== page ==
Federal law provides (in part): "Whoever ... knowing[ly] ... conducts or attempts to conduct ... a financial transaction which in fact involves the proceeds of specified unlawful activity ... with the intent to promote the carrying on of specified unlawful activity ... shall be sentenced to a fine of not more than $500,000 or twice the value of the property involved in the transaction, whichever is greater, or imprisonment for not more than twenty years, or both."
Conceptually, money laundering is often divided into three distinct components:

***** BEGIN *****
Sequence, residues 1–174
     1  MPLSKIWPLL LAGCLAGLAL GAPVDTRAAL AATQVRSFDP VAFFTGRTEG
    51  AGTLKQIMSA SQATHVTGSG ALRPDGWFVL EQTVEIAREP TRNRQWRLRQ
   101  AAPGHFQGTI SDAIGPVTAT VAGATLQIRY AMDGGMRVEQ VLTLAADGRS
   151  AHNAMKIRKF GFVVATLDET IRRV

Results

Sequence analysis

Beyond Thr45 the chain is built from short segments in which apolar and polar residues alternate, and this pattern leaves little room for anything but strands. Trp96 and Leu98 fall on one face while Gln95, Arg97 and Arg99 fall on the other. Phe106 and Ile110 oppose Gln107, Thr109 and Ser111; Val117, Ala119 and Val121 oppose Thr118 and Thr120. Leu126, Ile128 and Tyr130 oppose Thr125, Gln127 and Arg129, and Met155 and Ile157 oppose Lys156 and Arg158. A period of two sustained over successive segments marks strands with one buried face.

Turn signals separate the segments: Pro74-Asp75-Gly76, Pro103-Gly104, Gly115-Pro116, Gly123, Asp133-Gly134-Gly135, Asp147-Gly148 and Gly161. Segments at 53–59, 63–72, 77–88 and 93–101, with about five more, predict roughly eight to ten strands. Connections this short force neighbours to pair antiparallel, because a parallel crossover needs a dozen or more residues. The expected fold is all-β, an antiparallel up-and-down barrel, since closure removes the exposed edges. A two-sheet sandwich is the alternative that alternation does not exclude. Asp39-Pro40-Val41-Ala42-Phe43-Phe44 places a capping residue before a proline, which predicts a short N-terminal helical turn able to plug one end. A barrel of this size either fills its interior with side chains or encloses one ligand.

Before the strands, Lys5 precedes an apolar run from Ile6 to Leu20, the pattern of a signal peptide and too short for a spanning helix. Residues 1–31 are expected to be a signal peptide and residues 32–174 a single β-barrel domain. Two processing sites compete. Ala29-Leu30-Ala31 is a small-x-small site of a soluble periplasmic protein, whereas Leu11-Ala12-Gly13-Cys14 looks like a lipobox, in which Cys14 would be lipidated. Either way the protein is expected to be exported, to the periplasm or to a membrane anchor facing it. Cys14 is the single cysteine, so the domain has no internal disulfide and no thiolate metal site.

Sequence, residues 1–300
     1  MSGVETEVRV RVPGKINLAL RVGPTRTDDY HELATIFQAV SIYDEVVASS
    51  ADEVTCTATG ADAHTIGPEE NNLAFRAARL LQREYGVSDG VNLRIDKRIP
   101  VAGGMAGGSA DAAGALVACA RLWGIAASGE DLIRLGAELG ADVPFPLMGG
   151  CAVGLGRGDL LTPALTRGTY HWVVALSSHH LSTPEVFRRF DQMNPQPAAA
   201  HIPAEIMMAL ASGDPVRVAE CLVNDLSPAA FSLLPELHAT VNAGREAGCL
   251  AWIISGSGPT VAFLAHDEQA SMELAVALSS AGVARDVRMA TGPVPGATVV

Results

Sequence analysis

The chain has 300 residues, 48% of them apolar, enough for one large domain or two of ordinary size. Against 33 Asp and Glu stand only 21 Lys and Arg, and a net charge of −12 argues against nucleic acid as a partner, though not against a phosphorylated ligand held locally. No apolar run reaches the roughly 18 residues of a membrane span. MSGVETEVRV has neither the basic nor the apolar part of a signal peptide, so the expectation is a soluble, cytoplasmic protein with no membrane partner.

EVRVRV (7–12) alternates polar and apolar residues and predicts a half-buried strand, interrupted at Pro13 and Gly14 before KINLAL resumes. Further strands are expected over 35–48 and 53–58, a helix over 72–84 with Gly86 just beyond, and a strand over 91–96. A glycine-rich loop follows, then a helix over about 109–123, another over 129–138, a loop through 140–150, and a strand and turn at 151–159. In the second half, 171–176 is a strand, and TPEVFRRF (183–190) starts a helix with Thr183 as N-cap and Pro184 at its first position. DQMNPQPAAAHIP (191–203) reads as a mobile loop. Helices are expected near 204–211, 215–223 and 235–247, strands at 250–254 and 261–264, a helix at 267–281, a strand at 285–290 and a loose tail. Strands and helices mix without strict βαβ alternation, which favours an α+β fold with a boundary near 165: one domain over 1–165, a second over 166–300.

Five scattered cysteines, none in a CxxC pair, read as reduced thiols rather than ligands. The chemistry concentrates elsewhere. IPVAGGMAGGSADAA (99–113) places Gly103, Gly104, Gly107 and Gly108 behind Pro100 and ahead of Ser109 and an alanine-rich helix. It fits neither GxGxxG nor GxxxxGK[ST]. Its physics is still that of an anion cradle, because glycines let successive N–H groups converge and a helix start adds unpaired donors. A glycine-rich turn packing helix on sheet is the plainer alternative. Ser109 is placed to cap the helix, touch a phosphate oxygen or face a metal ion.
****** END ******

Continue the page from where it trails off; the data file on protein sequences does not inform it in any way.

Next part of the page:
In recent years, money laundering has become an increasingly international crime. This lead to the establishment in 1989, to the Financial Action Task Force (FATF), which establishes promotes national and international policies to combat money laundering and terrorist financing.
(i) Placement: -- the initial point of entry for funds derived from criminal activities.
- (ii) Layering: -- establishing a series of transactions which attempt to obscure the link between the initial entry point, and the end of the laundering cycle.
- (iii) Integration: returning the illicit funds to the legitimate economy for later extraction.